Caltrans seeks public’s input on statewide freight mobility plan

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caltrans logoSAN DIEGO – With the economic recovery expanding, California’s highways, seaports, and railroads are again teeming with freight being transported across the state and on to the rest of the nation.

Caltrans has invested billions of dollars in projects aimed at improving freight movement and reducing its environmental impacts, and this summer it will ask the public to weigh-in on the future of freight movement in California.

Caltrans will host a public workshop on July 24 from 4-7 p.m. at the Caltrans District 11 San Diego Office Complex, Garcia Room, located at 4050 Taylor Street to solicit input on the draft California Freight Mobility Plan (CFMP).

The plan will lay out a vision for all the ways freight is moved, including seaports, air cargo, railroads, and trucking, while promoting economic competitiveness. The plan will benefit the environment and promote public health by reducing greenhouse gas emissions and other pollutants.

“To maintain and improve California’s status as the eighth-largest economy in the world, we must create a multimodal freight plan that sustains freight jobs, improves transportation, protects the environment and our communities,” said Caltrans Director Malcolm Dougherty.

The U.S. Department of Transportation will rely on the CFMP and other state freight plans as it shapes a national freight plan. Projects identified in California’s plan will be eligible to apply for a higher percentage of federal funding.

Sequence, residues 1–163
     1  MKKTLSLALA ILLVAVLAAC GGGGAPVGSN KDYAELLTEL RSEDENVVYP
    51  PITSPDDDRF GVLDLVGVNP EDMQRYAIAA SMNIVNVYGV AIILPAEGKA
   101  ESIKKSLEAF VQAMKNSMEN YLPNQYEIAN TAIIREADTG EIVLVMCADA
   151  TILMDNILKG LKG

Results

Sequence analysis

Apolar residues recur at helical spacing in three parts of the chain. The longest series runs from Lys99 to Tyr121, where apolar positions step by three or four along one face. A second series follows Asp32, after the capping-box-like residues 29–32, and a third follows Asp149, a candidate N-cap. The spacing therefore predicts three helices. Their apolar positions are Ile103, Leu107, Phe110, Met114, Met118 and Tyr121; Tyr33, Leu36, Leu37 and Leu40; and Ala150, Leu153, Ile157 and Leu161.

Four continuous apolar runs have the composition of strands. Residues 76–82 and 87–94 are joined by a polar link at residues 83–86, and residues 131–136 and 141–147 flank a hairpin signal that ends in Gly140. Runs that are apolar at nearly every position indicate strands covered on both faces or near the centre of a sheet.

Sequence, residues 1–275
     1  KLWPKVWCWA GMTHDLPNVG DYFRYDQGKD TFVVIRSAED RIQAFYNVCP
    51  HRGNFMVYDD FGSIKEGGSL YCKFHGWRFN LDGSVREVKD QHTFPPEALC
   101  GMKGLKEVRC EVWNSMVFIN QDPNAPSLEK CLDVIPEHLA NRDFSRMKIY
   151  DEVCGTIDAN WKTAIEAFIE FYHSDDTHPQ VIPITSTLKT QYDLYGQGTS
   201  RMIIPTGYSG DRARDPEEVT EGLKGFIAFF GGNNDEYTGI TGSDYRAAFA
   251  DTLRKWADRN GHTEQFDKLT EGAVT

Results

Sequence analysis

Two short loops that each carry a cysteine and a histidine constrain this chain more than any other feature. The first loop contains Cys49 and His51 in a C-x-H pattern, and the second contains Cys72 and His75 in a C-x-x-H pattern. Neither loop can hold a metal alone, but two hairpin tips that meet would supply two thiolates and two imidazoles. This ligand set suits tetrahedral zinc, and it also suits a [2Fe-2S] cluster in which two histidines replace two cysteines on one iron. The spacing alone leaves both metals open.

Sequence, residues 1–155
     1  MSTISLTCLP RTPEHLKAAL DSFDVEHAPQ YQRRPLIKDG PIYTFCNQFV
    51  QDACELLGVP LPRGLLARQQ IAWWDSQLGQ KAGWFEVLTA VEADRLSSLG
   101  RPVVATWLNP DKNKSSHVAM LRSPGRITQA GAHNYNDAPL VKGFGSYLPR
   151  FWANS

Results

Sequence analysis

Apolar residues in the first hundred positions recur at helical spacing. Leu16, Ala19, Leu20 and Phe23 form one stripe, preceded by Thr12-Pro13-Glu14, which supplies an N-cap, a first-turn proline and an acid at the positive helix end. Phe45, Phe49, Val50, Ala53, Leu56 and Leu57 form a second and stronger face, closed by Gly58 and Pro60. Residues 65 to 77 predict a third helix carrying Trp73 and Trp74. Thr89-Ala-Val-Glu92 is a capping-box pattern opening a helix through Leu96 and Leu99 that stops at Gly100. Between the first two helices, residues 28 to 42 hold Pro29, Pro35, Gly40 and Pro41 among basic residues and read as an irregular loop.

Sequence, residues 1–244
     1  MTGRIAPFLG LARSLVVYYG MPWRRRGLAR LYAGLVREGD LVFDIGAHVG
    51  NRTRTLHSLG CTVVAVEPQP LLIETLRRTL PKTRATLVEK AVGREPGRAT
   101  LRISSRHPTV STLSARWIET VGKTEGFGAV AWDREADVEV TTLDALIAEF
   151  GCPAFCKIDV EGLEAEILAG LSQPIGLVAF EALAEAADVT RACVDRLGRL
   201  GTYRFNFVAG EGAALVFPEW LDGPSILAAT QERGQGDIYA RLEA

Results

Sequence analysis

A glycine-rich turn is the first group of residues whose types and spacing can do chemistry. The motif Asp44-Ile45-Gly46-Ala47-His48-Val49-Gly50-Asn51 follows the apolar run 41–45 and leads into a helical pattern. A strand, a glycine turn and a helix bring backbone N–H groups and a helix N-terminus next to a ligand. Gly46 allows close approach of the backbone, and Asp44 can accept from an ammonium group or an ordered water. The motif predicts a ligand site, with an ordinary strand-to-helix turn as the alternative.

This plan is especially important because California is a national and global trade leader. Of the country’s internationally traded consumer products, about 40 percent is transported through California’s seaports. With 12 seaports, California has an unparalleled geographic trade position on the Pacific Rim.

California has set aggressive goals to reduce greenhouse gas emissions and achieve a sustainable environment. The freight plan’s goal is to transition the freight industry to zero or near zero emissions by 2050.

California has already made progress in reducing freight’s effects through better engines,  cleaner fuels, infrastructure changes, and improved operations. Caltrans has accomplished much to improve freight in California over the last few years.

Some of the more notable freight projects include:  Otay Mesa East Port of Entry: This project is an innovative, tolled land port of entry designed to significantly reduce border wait times and expedite the flow of goods between California and Mexico.

Caltrans broke ground on the project last year. Cordelia Truck Scales: In July 2013, a new $100 million truck complex opened along eastbound Interstate 80 near Fairfield in Solano County. The state-of-the-art facility, fast tracks inspections for more than two million trucks annually that travel from the Port of Oakland on I-80 through Northern California.

Gerald Desmond Bridge: At 515 feet tall, the new Gerald Desmond Bridge when completed will be tall enough to allow the world’s largest ships to pass under and enter the Port of Long Beach’s inner harbor, increasing the Port’s capacity to handle more cargo. Currently, about 15 percent of the nation’s international containerized trade is moved by trucks across the existing bridge.

The new bridge will have three lanes in each direction, allowing a more efficient flow of goods and people.  Colton Crossing: This rail project was completed last year, $109 million under budget and eight months ahead of schedule.

Most trains entering or leaving Southern California used the at-grade rail-to-rail crossing, which resulted in significant congestion on commuter and freight rail lines. A new elevated overpass has removed that chokepoint. The project will deliver an estimated $241 million in travel time savings and reduce greenhouse gas emissions 34,000 tons annually.